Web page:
I watched a video recording from 2008, where you expounded that “…YouTube is the new Vaudeville in some ways, it’s not the same experience for the audience of course…you can see the latest acts, you can see people who aren’t yet famous and might be some day…” With Google’s purchase of YouTube and much greater restriction on copyrights and content, do you still feel that way?
I still love YouTube–I think it is the only thing about this century I approve of. The reason it’s like Vaudeville is you get a little of everything–music, comedy, drama, animal acts, parodies, you name it–just like an evening at Tony Pastor’s. If you don’t like Eddie Cantor, the Irwin Sisters will be on next.
I can imagine that writing Platinum Girl must have been fun, challenging, and intimidating. How difficult (or easy) was it? Was there something about Jean Harlow and her life which made you decide that she was going to be your “first?”
When you’re young and dumb, everything seems like it’s going to be easy–I managed to get an agent and a publisher and an advance for Platinum Girl (I have never liked that title, by the way, sounds like Buffalo Gal), and it got good reviews and sold well–I thought it was always going to be that easy! All my books since then have been on a smaller scale–but I have been very lucky to have hooked up with a good University Press for my most recent four books (and my next ones, I hope). Biographies are so damn expensive to write that I will never make a living off them–it’s a hobby, not a career–but I could not be happier with my publisher and have never had a bad experience with them.
I can see that. So if I understand this, was Jean Harlow your “first” because the topic was marketable?
It was sheer luck–I found a good agent and a good publisher, and people wanted to read about Jean Harlow–there hadn’t been a book on her in ages; the stars aligned. Of course, book publishing, marketing and selling is a whole different world than it was 30 years ago. Publishers do not even have in-house editors anymore, they farm all that out freelance, and it shows.
I’m interested in your take on fashion, given that you were a fashion illustrator. What fashion trend or trends are your favorites?
I am a Philadelphia Dowager. My tastes are very casual, low-key: twinsets, pearls and circle pins, tweed skirts, sensible walking flats. When Clinton Kelly on What Not to Wear told a victim that she “dressed like a tranny,” I looked at myself and said, “Really? She looks like a Lands’ End catalog?” Oh, I also stopped watching What Not to Wear after that.
Perhaps I can envision you in tweed after all…
Silent film actress Theda Bara is a mysterious figure to even those who have seen her few surviving films. It’s a tremendous loss that so many of her films were destroyed in the 1937 New Jersey fire. You carried out a diligent amount of research in your biography Vamp: The Rise and Fall of Theda Bara. Do you think that if you had been able to gain access to the dozens of lost films it may have changed your portrayal of her and her life? Or do you think you were able to really understand her from your research?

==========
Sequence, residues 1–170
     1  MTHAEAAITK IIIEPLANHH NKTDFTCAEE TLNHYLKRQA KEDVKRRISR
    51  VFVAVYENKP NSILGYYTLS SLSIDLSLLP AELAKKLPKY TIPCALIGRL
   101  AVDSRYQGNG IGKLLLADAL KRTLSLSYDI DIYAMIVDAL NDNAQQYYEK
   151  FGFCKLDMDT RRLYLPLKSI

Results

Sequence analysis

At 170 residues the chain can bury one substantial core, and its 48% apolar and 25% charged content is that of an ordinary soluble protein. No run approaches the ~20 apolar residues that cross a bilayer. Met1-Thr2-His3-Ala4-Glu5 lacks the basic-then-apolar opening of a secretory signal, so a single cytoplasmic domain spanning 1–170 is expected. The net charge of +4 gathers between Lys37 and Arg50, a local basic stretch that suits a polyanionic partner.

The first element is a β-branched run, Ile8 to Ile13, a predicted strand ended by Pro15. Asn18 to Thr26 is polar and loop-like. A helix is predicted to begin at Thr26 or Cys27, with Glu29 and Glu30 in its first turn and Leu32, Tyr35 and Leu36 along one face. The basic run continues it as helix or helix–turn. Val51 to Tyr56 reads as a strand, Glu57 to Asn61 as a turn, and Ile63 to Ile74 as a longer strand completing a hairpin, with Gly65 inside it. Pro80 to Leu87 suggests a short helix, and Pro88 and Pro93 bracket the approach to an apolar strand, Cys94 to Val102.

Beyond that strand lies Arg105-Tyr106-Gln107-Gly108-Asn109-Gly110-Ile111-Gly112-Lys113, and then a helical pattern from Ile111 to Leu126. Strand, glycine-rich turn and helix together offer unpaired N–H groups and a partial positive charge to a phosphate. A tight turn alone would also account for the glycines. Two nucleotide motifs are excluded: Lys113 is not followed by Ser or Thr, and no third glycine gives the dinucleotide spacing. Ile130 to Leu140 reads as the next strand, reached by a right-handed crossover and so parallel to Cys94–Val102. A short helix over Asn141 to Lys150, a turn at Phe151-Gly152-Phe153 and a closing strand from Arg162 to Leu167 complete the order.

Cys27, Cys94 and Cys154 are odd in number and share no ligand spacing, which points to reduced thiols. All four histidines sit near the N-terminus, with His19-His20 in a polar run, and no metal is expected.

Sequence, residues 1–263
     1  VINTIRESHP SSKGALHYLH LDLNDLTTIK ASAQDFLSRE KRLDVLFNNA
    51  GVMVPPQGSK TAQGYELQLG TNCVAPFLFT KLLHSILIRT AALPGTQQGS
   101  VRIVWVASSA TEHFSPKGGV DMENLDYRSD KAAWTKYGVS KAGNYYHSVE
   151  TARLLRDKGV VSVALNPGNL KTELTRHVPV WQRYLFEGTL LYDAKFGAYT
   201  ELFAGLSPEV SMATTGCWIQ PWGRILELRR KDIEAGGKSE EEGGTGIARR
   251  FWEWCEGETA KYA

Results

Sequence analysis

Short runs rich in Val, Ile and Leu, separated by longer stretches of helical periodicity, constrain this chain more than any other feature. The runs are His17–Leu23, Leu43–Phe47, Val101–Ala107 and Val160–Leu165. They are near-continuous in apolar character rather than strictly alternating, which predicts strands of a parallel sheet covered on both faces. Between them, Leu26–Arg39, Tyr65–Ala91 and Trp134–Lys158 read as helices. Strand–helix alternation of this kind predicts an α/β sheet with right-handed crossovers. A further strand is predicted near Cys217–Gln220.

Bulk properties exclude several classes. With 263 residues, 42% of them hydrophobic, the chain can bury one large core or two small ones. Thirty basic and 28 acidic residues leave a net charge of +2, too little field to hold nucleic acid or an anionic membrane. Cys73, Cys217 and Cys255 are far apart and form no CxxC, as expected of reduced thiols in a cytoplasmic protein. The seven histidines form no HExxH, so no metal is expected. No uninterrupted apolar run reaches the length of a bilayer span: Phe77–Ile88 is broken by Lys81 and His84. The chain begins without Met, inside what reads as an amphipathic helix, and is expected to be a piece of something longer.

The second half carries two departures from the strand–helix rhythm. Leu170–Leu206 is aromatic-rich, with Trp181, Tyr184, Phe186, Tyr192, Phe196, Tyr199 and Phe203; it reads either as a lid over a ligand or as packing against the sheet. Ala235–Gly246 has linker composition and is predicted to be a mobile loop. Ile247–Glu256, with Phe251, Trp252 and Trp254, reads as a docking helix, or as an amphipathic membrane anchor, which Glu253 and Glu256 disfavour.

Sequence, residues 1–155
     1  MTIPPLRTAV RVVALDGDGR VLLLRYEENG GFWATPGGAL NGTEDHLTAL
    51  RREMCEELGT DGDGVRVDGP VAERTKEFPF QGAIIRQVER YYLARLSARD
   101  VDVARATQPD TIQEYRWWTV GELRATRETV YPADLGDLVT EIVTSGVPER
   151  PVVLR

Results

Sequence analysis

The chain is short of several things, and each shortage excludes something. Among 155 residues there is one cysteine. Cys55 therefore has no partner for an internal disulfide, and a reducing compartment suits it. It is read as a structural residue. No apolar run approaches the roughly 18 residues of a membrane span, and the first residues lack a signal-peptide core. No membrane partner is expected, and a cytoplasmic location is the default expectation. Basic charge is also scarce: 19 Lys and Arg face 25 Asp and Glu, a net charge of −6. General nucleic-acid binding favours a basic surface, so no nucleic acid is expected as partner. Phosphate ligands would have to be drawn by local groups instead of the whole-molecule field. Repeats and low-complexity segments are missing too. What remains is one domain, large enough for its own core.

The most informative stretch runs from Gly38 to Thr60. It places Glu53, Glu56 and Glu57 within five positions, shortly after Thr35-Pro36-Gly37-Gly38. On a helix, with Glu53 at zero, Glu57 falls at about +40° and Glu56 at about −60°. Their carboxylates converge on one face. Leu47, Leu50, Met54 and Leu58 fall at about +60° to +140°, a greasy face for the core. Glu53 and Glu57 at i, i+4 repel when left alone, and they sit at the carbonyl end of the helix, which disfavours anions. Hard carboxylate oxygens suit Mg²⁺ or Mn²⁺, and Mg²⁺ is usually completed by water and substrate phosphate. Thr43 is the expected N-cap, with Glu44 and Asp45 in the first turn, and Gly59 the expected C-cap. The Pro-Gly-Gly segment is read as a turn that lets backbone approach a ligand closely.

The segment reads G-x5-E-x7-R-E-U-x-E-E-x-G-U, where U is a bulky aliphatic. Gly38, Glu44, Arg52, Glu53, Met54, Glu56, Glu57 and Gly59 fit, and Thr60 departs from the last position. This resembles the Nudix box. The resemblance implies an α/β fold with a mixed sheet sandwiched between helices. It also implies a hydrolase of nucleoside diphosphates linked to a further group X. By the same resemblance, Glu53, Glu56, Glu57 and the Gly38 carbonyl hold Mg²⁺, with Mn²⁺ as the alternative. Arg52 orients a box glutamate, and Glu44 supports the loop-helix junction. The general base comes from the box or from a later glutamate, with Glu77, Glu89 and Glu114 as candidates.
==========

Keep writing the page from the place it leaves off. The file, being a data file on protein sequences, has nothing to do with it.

I’d love to have seen more Theda Bara films, of course–I was able to see the four that still exist, but you can’t get a good take on her talents from that, especially as her best work is missing. It’s the same when I write about theater people–one really has to go from the reviews. Now, with Jean Harlow, Kay Kendall, and John Gilbert, I was able to see everything they did, from the early extra work to their last films, and could offer my own opinions.
Did you have any great romances in your day? Was there ever “the one?” Was there ever any thought of marriage at some point?
Really, dear, you must leave a lady some secrets. Let’s just say that as of today I am a contented spinster.
I suppose next you’ll be telling me you have become a cat lady? Do you have any pets?
No pets, not even a houseplant. I had cats. They get sick and die, and you pay the vet $3,000 and they give you back a dead cat. I can get a dead cat for free on the street.
So cats are definitely off the table…what do you do to relax and unwind?
Reading, writing (I actually write letters, to friends, and put them in the mail!), having lunch, drinks or dinner with friends, the occasional theater or museum outing.
Do you have another book in the works, and can you give us a hint about the topic? Or are you focusing more on essays and reviews?
I don’t want to jinx myself, but I am just starting a book on a fascinating but long-neglected figure of late 19th-century Broadway, who’s never been written about. The hardest part of being a biographer is finding a viable subject–either another author is already working on a book (Joan Crawford, Mabel Normand), the family won’t cooperate (Jayne Mansfield, Betty Grable), or there is just not enough material to get a book out of (Bert Savoy, Georgiana Drew Barrymore, Helen Kane).
I’ve started writing a biography myself, and it’s incredibly difficult to not have it turn into a shaggy dog of a topic. Given the extensive care and attention to detail I’ve seen in your work, how long does it take you to research and write one of your biographies?
I try to keep it to one year “door-to-door” (contract signing to manuscript submission). I may not be good, but I am fast and professional!
Would you like to discuss your current profession?
I work at a photo archive–we supply photos of all kinds (celebrities, history, artwork, nature) to newspapers, websites, magazines, TV, movies, ads. My favorite part of my job is being Queen of the Dead: whenever a famous person dies, I write their obit, compile all the photos we have of them, and rush it off to the media, like Brenda Starr, Girl Reporter. I have off-site access, so death never takes a holiday and I can kill from home nights and weekends, too.
I’ve read your collection of essays, Golden Images. Have you considered writing media criticism and commentary on a blog of some sort?
Nah–if I were 30 years younger I’d be all over the Internet, but I am too old and tired, I’d rather go to bed with a book.
Final question – on the whole, are you satisfied with your life? Are you happy?
“Happy?” Don’t be absurd. You know who’s “happy?” Idiots and crazy people, that’s who. “Functional” is all any sensible person should aim for.
Miss Golden, I want to close by thanking you tremendously for spending so much of your time answering my questions and opening up to me on a very personal subject.